What readers think of Ariadne, plus links to write your own review.

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by Jennifer Saint

Ariadne by Jennifer  Saint X
Ariadne by Jennifer  Saint
  • Critics' Opinion:

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  • First Published:
    May 2021, 320 pages
    Apr 5, 2022, 320 pages


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There are currently 38 reader reviews for Ariadne
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Susan L.

The Life of Ariadne
This retelling of Ariadne's life is stunning. The language pulled me in despite knowing how the story ends. Jennifer Saint brought Greek mythology to life. Her descriptions, characters and tragedies resonated with me. I felt for Ariadne, her sister, Dionysus and enjoyed the journey from liking to disliking Theseus. Saint made it read like a true story with consequences and heartache for the characters. This is the way to connect or reconnect with mythology and our own humanity. A great read.
James C. (Warren, OH)

A Mythical Debut
If this debut is any harbinger of books to come, Jennifer Saint may join the mythical ranks of the likes of Hilary Mantel and Susannah Clarke. This sprawling novel delights with characters that jump off the page, epic action, palace intrigue, and family bonds. And it all emanates from an ancient mythical palace in Crete, and the families are gods and demi-gods! Immerse yourself in this wondrous tragic book that will require you to come up for air now and then. Don't rush - novels like these are worth pacing yourself; all the more time to dwell in the land of the gods.
Dan H

Greek mythology revisited
With lilting fairy tale language the author re introduces us to the folklore and mythology of Greece, which is only vaguely familiar to me. In juxtaposing the lives of the sisters, Ariadne and Phaedra, the author illuminates sibling love and rivalry in a beautiful way. The sisters, each strong-willed in her unique manner, chart their passages through a world controlled by men, with unpredictable machinations of the gods as a bonus. The story is filled with love and hate, vengeance and revenge, drama and tragedy, as we can only wish from the Greeks. Not a gentle tale, in the end, but one which reinvigorates their mythology. Recommended.
Peggy K. (Westminster, CO)

Meet the Women of the Myths
Jennifer Saint reimagines the myth of Ariadne and her sister Phaedra, daughters of King Minos of Crete and half-sisters to the dreaded Minotaur. It is a thrilling and yet tender tale of two sisters longing for the same thing: a life free of their tyrannical father and the ominous presence of the Minotaur, imprisoned in the stone labyrinth beneath the mosaic tiles of the palace. It is a story of love lost, won, and lost again—told by the sisters themselves. In this way, Saint gives readers a wonderfully feminist retelling of the ancient Greek myths. Highly recommend.
Marcia C. (Jeffersonville, PA)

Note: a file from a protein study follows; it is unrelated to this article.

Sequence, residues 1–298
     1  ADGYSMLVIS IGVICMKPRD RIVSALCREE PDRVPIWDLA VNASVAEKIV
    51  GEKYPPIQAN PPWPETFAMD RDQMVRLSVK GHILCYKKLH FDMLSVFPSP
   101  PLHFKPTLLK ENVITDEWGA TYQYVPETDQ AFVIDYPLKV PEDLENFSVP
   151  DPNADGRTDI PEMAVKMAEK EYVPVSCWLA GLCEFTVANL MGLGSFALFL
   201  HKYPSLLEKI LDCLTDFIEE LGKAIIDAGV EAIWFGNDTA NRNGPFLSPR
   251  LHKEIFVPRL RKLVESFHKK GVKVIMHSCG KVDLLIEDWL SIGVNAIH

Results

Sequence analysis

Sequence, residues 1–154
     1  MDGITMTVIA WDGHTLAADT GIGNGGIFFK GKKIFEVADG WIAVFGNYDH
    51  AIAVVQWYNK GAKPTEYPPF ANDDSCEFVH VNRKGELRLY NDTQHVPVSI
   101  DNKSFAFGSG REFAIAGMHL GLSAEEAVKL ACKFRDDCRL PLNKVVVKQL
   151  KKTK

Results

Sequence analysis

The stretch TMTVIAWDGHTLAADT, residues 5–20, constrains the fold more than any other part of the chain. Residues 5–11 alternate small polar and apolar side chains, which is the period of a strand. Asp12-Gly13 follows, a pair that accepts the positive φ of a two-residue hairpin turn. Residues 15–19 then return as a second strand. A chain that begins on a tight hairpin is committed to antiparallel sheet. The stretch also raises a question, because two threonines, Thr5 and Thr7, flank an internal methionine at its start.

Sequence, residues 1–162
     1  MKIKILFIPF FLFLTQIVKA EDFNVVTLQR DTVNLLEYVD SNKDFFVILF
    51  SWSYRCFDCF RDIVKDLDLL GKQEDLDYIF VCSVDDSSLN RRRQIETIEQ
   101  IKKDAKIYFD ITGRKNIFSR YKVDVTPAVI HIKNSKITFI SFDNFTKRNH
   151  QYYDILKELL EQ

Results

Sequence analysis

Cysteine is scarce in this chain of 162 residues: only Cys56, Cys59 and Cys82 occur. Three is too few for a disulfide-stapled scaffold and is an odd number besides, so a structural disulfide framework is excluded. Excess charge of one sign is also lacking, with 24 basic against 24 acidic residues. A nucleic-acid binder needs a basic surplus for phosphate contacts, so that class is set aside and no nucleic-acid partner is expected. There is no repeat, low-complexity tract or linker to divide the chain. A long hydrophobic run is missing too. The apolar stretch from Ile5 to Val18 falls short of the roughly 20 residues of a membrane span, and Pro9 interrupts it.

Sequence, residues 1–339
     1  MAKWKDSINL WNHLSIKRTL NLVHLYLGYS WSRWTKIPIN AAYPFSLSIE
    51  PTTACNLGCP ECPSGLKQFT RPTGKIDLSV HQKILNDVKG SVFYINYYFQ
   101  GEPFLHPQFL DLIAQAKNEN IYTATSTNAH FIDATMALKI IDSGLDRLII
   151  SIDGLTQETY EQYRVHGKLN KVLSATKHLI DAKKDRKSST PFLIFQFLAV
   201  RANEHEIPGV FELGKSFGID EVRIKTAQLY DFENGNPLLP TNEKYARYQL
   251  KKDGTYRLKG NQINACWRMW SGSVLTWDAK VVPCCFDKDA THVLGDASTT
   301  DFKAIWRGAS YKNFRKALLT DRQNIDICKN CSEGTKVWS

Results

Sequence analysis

Ariadne: A Heroine's Perspective
Lately it seems many stories have been written offering retellings of the classics of Greek mythology. Ariadne is Jennifer Saint's contribution to this genre. Her story is filled with drama and suspense leading the reader into forbidding places. Her powerful writing kept me on the edge of my seat and I found myself unable to put down the book as I followed Theseus, Ariadne and the Minotaur into those tunnels under Minos' castle where the Minotaur stalked his prey.
Saint's fresh voice energizes this tale as she presents a new take on a well-known myth. She wants her women to be seen as strong, not as victims of the misdeeds of heroes and gods. She's taken on a challenging task—one her heroines are well able to address. This is Jennifer Saint's first novel. I'm really looking forward to more.
For readers of Madeleine Miller's Circe.
Frances A Ilnicky-VanAmeyden

The Mercy of the gods
For most of my life, when I thought of mythology, Edith Hamilton's name came to the fore. Now I dare say Jennifer Saint's name may well pop to mind! Her story about Adriane was captivating! Saint piqued my interest in Chapter One, and held it through the Epilogue. I was thoroughly engrossed in the story of this young female human, Ariadne, who lives with, above, and side by side gods and men. No need to tell more! Enjoy the read!
Power Reviewer
Maggie R. (Canoga Park, CA)

Another wonderful Greek mythogy novel!
This is a first rate retelling of the story of I fell down the Circe (Madeline Miller) rabbit hole a few years ago and have never looked back. They just keep coming. I'd love to see a "family" tree with references to the numerous novels that followed!

It's hard to believe this is a first novel for Jennifer Saint who read Classical Studies at King's College, London and spent the next thirteen years as an English teacher. She is said to be working on a novel focusing on Clytemnestra and Electra.

A Pleasant Surprise
I was very hesitant to read this book. Greek mythology is not really my cup of tea. I certainly am glad that I did. The story of Ariadne, the daughter of Minos, king of Crete after the slaying of the Minotaur, her brother is a fascinating one. She finds herself on Naxos, the home of Dionysus, abandoned by Theseus after helping him to kill the Minotaur. Dionysus waltzes into her life as only the god of wine can, they marry, have many little boys and life is good. Or is it? There are so many references to the gods of Olympus and their impetuous acts that I was continually looking up the stories and thoroughly enjoying them. But it grows increasingly clear that, though goddesses are revered, feared and powerful, mortal women are oppressed, repressed and often the victims of a god’s anger though the crime may be perpetrated by a mortal man. It’s a fun read and highly recommended

Beyond the Book:
  Ariadne in Greek Mythology

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